Don’t get me wrong, when I get there it really isn’t that bad.  I love my students.  I love feeling like I’m making a difference, at least in the life of one child but ever since I switched schools my enthusiasm for teaching at all has gone lower and lower with each passing day.  Yes, I always felt stressed about teaching and my job…but in a way that everyone does.  This year is different.  I feel like an outsider in this school, locked away in my own little corner, almost as if no one expects me to stay so no one makes the effort.  Everything seems so competitive, almost as if you can only do well if you are doing better than someone else.  It’s completely exhausting.

At Collington I was never really a favorite.  I did my job and I did it well and for that I fell under the radar (not extremely motived to do everything in the school, but also not drowning).  I knew the families and they knew me.  And I had people.  There’s something about working in a school in an atmosphere like that one.  You need people.  You are not going to make it without people.  You band together because you know they get it.  I don’t have people at my new school and that makes it rather lonely.  That, topped with a complete lack of any praise EVER makes it a hard environment to work in day in a day out.

So I stress.  And I stew.  And I worry.  I deliberate.  I panic…literally.  And then I tell myself every single morning as I walk out that door that if it gets to be too much, I can quit.  Or I quietly remind myself that I only have a certain amount of days left of this year and next year is sure to be better.  And these two things seem to be all that is getting me through.

I don’t know why I allow myself to be consumed with the stress of this job ALL THE TIME.  I have to stop.  I spend roughly 7.5 hours there each day. That translates to 35.5 hours at work.  That’s it.  Barely a blip on the 168 hours that are in a week.  And yet I spend the rest of those hours worried about work!  And the saddest part of all?  I’m a 37 year old woman and I keep worrying about if I’m doing a good job.  That’s it. No one tells me I’m not.  But no one tells me I am.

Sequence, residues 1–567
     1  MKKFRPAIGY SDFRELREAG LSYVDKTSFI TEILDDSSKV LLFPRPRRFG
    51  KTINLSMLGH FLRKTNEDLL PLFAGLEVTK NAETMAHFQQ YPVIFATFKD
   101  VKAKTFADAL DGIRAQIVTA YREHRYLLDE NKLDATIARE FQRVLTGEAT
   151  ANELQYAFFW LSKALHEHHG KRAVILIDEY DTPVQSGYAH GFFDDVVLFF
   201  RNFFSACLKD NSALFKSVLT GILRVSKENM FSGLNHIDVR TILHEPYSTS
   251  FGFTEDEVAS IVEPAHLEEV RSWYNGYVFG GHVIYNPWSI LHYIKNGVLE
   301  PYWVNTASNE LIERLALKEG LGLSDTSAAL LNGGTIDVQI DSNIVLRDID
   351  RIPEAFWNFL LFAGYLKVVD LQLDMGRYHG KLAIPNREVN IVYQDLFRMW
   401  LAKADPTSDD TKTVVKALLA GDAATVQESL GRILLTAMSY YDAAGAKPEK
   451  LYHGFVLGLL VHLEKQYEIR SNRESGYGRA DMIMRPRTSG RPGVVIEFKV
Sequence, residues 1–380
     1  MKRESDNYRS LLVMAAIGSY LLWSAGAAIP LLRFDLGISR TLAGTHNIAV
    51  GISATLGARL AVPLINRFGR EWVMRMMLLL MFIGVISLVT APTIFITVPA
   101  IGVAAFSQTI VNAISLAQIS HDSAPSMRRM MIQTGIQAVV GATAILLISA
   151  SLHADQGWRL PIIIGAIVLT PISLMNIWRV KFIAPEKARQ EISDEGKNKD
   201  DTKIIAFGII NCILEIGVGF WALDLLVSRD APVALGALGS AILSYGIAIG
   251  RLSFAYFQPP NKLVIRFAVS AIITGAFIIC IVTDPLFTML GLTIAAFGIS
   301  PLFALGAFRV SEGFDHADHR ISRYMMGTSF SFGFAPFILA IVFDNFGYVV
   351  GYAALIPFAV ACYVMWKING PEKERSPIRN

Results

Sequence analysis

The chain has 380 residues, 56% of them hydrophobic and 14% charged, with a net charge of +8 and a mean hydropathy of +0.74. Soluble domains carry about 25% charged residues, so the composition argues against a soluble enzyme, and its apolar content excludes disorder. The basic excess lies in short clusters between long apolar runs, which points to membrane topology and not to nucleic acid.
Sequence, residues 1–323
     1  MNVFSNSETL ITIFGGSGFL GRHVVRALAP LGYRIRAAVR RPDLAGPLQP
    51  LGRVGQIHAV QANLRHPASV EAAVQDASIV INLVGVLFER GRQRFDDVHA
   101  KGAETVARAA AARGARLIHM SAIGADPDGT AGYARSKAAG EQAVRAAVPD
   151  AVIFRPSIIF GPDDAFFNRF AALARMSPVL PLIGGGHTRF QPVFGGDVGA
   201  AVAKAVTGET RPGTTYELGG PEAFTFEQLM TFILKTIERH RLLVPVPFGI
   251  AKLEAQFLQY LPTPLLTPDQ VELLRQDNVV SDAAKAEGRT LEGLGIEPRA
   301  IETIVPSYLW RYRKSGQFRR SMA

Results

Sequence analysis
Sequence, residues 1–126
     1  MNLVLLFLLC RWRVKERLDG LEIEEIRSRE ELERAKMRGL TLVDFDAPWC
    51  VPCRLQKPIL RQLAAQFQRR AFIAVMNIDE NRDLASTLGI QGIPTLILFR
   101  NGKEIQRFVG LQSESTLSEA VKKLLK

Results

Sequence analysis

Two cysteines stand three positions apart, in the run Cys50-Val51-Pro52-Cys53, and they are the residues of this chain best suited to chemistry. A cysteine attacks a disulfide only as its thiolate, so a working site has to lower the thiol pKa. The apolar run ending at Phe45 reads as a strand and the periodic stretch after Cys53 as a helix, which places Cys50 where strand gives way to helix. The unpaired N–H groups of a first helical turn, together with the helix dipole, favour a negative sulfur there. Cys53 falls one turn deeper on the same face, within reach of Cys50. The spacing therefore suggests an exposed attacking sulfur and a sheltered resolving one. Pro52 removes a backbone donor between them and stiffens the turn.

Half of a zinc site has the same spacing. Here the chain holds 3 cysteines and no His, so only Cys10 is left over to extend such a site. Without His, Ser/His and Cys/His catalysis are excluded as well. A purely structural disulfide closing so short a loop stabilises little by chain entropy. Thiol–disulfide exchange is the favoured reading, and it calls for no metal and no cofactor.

This is ridiculous. I have to be more present in the moment with my kids.  I have to focus more on the good things than stress that is ever present.  I have to stop letting 35.5 hours dictate the rest of my time.

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Drowning on Dry Land

It’s 8:37 and I’ve officially sat down for the first time today (if you don’t count the commute to and from work, which I don’t).  After leaving the house at 7:00 am and returning home at 4:30 I proceeded to all the mom things I do every day: make dinner, pack lunches, play, read, check folders, baths and showers, bed time, etc. etc. etc.

And now, at 8:37, after working a full day with East Baltimore 3rd graders, and coming home to my second (and most important full time job), I’m finally sitting down.

What am I doing, you ask?  Surely, I must be watching TV.  Or cuddled up with my favorite book.  Or simply going to bed early because I’m so freaking tired.

No.  Not any of those.

I’m working again.  Back to job number one.  Though I’m now in my pajamas, sitting on the couch, the work is still piling up.

Tonight’s agenda:

  • grading 60 math packets,
  • inputting the grades of 60 math packets (10 worksheets x 60 kids = 600 grades)
  • writing a letter to parents about our Fall Festival
  • creating a team meeting agenda
  • creating this week’s math quiz (which will later need to be graded)
  • creating a new seating chart because the green and red groups cannot seem to stop talking.  EVER.

And so on and so on and so on. And that’s just one day.  There will be a different agenda tomorrow.

I’m tired.  And beat.  And literally over it.  No matter how much work I do during the day, I’m never done.  I never get the glimpse of being caught up.  And it’s not the stupid stuff like bulletin boards and birthday charts.  Yes, those things matter, but only to a small extent.  The stuff I’m talking about are the non-negotiables: things that are expected of me in this line of work and I have no choice if I complete them or not.

This is my 7th year.  You’d think my now I would have figured out the trick.  I’m tenured.  And seasoned.  And experienced.  But I still feel like I have no idea what I’m doing.  I still haven’t learned how to get everything done.  I still haven’t figured out how to NOT spend a million dollars a year on classroom supplies.  I still haven’t figured out how to actually ENJOY my job on a daily basis.  Smile…yes.  Be present…yes.  Enjoy…no.

Maybe one day soon I’ll figure it out.  Maybe this is the year I learn how to stay afloat.

And as I reach down to pick up the first piece of grading, Charlie wakes up and beings throwing things out of her crib and talking loudly.

It’s going to be a long night.

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We’ll all float on Ok.

I don’t seem to know who I am anymore.